The interior is fun and lively with an appealing wine bar for a pre- or post-meal beverage. I immediately noticed that my friend and I were the only representatives from the 25-39 age group. Everyone was my parents’ age or in high school. That was my first hint we had left San Francisco.

I struggled to understand the options on the tasting menu (one needs to be fluent in Italian to understand it, as there are no translations) and had to ask our server go through each option with me. Authentic: yes; practical: no. Once I understood my options (there are four courses, two choices for each). I also added the suggested wine pairing with each course. At $30 for four courses (plus about $15 for wine), this is an excellent value.

My first course – the arancini – came out. They looked like two large tater tots; crispy — deep fried, breaded goodness. However, my wine pairing was nowhere in sight (neither was my guest’s first course). After a few torturous minutes of waiting, I dug in sans wine. The arancini was filled with a cheesy rice concoction. It was hot, salty, and cheesy. A great start to the meal! The white wine finally came after I was done with the two “tots.” Each one was several bites, so I was pleased with the portion size.

My second glass of wine came out as I was still eating the first course. The pasta accompaniment (best described as three large beef raviolis) arrived about ten minutes after the wine (yet, my friend still hadn’t seen any food and was understandably becoming pretty antsy). The pasta is clearly hand-made; one can taste the level of quality immediately. The beef interior was well-flavored and had a nice sausage texture, but I also felt the dish was lukewarm. The beef interior felt a little cold, as did the juice. This meant it didn’t quite have that comforting effect that a truly excellent ravioli dish can have. I would give it a B. My friend finally asked for her first course and a nice spread of burrata cheese came out. In the bite I had, it was chewy and mild like a good burrata should be.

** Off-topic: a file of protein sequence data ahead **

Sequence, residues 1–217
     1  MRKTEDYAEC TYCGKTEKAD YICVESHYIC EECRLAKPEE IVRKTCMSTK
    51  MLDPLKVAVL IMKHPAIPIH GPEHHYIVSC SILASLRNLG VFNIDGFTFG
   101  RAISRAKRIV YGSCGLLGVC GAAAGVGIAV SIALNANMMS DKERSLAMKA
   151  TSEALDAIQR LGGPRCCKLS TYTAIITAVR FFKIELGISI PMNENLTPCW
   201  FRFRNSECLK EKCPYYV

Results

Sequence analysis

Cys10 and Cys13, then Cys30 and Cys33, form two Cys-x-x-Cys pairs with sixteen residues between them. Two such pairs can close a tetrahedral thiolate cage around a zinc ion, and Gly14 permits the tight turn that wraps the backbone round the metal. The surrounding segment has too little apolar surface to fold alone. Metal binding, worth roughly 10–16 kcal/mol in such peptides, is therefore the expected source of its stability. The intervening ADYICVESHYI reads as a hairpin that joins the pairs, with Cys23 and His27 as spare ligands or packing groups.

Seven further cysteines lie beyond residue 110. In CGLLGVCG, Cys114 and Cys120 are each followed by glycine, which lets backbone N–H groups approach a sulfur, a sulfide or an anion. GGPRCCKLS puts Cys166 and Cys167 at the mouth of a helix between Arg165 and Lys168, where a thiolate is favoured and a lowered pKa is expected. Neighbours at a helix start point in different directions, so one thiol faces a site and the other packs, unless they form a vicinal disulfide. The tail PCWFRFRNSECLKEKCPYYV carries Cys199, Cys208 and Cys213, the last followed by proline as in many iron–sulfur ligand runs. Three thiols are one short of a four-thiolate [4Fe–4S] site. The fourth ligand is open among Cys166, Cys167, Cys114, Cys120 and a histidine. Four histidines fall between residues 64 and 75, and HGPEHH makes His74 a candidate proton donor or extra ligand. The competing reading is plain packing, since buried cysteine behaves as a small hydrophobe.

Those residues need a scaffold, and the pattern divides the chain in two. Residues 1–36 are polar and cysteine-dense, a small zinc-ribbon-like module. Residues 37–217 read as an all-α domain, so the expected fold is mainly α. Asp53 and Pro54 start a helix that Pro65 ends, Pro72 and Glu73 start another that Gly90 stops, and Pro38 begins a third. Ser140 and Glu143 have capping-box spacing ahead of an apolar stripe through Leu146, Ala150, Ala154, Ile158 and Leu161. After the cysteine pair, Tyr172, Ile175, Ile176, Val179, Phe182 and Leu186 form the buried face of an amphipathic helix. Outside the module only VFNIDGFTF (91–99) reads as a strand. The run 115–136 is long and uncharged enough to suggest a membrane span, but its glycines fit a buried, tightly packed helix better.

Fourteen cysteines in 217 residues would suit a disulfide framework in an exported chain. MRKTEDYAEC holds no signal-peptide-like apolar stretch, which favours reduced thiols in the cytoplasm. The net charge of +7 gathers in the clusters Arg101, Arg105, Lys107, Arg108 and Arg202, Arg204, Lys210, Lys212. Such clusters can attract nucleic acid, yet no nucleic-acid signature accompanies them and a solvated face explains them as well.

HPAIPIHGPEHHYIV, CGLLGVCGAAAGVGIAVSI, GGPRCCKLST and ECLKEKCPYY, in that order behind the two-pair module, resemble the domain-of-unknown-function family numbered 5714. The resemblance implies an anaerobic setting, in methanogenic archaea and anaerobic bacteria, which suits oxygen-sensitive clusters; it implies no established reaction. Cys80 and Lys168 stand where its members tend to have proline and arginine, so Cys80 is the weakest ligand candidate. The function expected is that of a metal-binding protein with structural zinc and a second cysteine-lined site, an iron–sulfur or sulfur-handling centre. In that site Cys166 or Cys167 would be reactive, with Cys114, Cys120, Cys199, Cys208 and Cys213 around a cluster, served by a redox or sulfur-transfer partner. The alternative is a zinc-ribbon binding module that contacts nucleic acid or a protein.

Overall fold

The third course – a pork chop – followed the theme of the preceding courses: above average food quality but frustrating delivery. The pork chop itself was juicier than most I’ve had; there’s nothing worse than a tough chop and fortunately this one didn’t fall victim to that trap. Unfortunately, the wine was not delivered in the same ten-minute window of the meat. At one point during the meal, I had three wine glasses in front of me that had accumulated from the preceding courses. I got the feeling the kitchen staff was just delivering each dish and glass as soon as it was ready (and forgot to clear things). It left a sloppy impression for me and ruined the concept of a wine pairing.

While I chose the bittersweet chocolate panna cotta off the tasting menu, it is my guest’s dougnut holes (“bomboloni”) that I will remember. Six large, dense holes came out. They were much heavier than a dougnut. My friend and I both said we’d each have one and take the rest home. Fast-forward two minutes: GONE. We had good intentions, though!

Unfortunately, I will remember the service more than the food. The server completely forgot the risotto dish my companion ordered (he did comp her dessert, which was a much appreciated gesture). Furthermore, to me, the joy of a wine pairing is to learn more about the restaurant’s choices behind the pairings. There was no sort of explanation or education around why they chose a certain whine with a certain dish. This is a disappointment when you visit a self-proclaimed “wine bar.” Considering the travel time (45 minutes) and parking (difficult), and the plethora of terrific Italian restaurants in the Bay Area, I don’t foresee a return visit anytime very soon.